We've got to let those kids bend over some nails!
Joel Salatin writes......
Daniel is our outdoorsman. He taps the yard trees for maple syrup. He's been doing this now for several years. He takes the maple sap and boils it down.
We try to encourage them to scrounge, but the other thing is that we make sure they have the tools to do the things they need to do. Nothing is as frustrating to me as to be in the situation where the 30-year-old son is working for a 55-year old dad, and the 30-year-old son has to ask Dad if he can use a board.
We've got to let those kids bend over some nails! Take that prime board we were saving for a project and rip it up! The value in those children is giving them tools for things, letting them experiment and be creative, and channel their energies and their creative gifts and talents. It'll come back a million times more the value of those bent nails and those unsquare corners and those boards they took off the board pile.
We went and had a nice pan made out of steel. Daniel got book and read out how to do this, and made a couple gallons of maple syrup. Instead of selling the maple syrup for $35 a gallon (chip off the old block) he said, How can I make this more valuable? So that's what he does. He makes maple syrup donuts, and sells about $600 worth of donuts out of those 2 gallons of maple syrup at the farmer's market in the spring.
He also does a rabbit project. This year he'll produce about a thousand rabbits at $8 apiece. It's not a bad project for a 16-year-old. We home school, so he has time to pursue these interests instead of being locked up behind some academic desk all day. This allows him time to be creative and tap into those opportunities.
He designed these hare pens himself. These are floorless pens we put out on the pasture. One acre of grass put through rabbits is worth $4500 a year. Who says you got to have a lot of land to make money farming?
He got a hold of an old magazine article about what folk people used to do when they had rabbits before Purina and all these feed store pellets came along. Turns out that what they used to feed rabbits was mangels--kind of a sugar beet. So next thing he did was find some seed, planted some, and he now supplements the rabbits with mangels. His goal is to actually get to where he feeds mangels all through the winter to supplement his grass and his pasture. He's cut his feed bill in the wintertime--as long as the mangels last--by 85 percent. It also makes a healthier, better rabbit, so everybody wins. So the rabbits are his enterprise, his deal.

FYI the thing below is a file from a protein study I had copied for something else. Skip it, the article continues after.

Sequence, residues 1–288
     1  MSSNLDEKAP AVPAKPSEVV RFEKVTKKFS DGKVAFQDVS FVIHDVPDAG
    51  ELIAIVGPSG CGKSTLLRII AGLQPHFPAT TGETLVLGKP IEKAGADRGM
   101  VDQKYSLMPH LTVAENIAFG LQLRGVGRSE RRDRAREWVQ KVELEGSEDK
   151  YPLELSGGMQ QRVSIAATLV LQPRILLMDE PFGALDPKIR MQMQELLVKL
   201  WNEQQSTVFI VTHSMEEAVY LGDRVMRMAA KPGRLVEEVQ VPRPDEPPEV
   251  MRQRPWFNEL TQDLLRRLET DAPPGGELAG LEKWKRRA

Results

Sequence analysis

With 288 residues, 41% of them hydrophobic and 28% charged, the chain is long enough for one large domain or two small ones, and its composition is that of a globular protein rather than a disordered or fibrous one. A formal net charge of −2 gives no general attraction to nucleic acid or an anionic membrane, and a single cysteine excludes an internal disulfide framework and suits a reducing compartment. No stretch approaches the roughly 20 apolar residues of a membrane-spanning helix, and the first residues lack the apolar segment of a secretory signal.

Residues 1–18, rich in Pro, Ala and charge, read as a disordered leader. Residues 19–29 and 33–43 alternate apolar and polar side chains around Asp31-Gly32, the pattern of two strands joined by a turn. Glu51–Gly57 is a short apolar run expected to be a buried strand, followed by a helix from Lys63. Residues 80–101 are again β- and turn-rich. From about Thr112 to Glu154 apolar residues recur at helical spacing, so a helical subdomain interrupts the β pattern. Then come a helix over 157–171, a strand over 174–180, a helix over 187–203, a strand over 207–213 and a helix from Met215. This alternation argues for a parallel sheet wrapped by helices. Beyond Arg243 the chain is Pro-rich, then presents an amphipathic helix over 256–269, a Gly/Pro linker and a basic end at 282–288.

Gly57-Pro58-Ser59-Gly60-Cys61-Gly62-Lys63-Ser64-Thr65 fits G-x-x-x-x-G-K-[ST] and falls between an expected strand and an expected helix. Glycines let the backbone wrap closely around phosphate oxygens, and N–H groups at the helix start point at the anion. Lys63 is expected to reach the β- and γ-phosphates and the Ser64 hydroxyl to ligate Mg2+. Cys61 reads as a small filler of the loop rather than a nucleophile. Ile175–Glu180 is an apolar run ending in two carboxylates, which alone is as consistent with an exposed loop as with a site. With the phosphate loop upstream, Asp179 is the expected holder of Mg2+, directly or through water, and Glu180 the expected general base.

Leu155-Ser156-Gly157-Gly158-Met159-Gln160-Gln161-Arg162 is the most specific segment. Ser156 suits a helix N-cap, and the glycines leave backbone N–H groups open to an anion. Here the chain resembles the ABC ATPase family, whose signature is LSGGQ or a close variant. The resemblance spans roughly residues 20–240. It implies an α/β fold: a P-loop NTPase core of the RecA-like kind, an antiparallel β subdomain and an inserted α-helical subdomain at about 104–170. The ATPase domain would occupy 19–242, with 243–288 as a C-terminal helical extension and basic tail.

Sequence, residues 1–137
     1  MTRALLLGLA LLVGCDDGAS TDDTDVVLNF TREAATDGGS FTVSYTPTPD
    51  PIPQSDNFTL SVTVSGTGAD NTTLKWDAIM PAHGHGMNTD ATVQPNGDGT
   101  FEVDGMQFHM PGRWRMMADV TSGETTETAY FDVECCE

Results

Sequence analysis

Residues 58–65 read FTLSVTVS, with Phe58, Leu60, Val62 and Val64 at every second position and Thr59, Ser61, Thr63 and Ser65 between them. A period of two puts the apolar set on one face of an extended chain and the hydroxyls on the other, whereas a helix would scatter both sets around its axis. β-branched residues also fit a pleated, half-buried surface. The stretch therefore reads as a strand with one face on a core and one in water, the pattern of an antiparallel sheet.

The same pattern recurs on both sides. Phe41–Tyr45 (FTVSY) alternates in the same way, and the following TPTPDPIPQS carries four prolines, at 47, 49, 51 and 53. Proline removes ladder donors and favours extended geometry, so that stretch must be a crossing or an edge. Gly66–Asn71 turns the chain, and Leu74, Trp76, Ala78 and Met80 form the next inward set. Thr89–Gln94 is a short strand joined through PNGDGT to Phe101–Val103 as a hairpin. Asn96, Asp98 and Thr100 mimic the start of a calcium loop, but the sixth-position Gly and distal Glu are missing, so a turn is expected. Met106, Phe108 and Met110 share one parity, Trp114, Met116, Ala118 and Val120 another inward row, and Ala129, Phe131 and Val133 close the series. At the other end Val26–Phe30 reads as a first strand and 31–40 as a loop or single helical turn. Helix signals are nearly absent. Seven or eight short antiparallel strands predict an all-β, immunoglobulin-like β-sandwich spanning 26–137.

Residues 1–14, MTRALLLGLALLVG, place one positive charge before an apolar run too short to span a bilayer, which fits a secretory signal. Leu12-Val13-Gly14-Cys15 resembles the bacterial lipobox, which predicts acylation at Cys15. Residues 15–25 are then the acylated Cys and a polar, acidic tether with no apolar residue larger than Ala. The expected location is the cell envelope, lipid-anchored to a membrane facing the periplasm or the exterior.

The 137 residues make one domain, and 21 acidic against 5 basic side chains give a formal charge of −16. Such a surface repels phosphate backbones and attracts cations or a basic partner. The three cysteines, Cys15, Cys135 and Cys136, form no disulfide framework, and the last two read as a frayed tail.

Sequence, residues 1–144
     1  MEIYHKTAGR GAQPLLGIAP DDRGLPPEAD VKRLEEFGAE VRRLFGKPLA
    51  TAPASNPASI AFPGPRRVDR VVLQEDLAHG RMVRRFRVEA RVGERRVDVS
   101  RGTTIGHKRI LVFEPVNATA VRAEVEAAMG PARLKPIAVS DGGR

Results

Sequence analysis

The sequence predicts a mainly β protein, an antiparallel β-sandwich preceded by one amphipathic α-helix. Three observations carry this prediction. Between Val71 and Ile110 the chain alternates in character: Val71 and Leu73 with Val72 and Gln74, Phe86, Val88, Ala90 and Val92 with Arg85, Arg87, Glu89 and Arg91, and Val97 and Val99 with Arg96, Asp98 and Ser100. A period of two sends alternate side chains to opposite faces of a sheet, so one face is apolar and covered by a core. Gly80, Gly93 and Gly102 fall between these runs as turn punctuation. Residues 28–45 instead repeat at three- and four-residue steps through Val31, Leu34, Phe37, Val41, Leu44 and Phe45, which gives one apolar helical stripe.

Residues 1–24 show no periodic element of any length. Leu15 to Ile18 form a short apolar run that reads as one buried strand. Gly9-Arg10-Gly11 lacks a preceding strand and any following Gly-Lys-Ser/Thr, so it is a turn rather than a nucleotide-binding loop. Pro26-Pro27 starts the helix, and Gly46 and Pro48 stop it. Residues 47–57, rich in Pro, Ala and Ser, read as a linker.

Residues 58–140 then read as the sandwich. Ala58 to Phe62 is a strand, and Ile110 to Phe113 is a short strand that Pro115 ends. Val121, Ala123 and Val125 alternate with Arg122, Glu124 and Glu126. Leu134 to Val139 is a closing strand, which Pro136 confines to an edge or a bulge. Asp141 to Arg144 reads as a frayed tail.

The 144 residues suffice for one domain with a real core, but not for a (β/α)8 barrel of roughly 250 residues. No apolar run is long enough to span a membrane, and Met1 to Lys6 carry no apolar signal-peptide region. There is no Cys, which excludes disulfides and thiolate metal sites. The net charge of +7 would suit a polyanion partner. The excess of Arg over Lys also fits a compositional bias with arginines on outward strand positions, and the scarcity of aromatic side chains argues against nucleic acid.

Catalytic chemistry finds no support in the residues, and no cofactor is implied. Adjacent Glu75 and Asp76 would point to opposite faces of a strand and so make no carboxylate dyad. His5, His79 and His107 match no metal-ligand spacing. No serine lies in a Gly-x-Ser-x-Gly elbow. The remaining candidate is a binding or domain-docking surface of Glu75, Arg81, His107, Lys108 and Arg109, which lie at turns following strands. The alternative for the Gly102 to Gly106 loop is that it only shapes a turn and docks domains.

One of the best things we can do when we talk about diversifying is to free this next generation up to pursue some of their own interests. One of the worst things we can do is lock the next generation into doing exactly what we're doing.
Let them have their own enterprises they own. I had my first layers when I was ten years old. Dad didn't know anything about laying chickens.
I don't know anything about rabbits. So if somebody wants to know something about rabbits, I don't try to answer their questions. I say there's the guru right there, ask him. You cannot imagine what it does to the self-esteem and self-worth and the creativity and the enthusiasm of a young person to be the resident expert when they are ten or eleven years old.
This is from the article Diversifying for profit, pleasure, and production. Click and enjoy.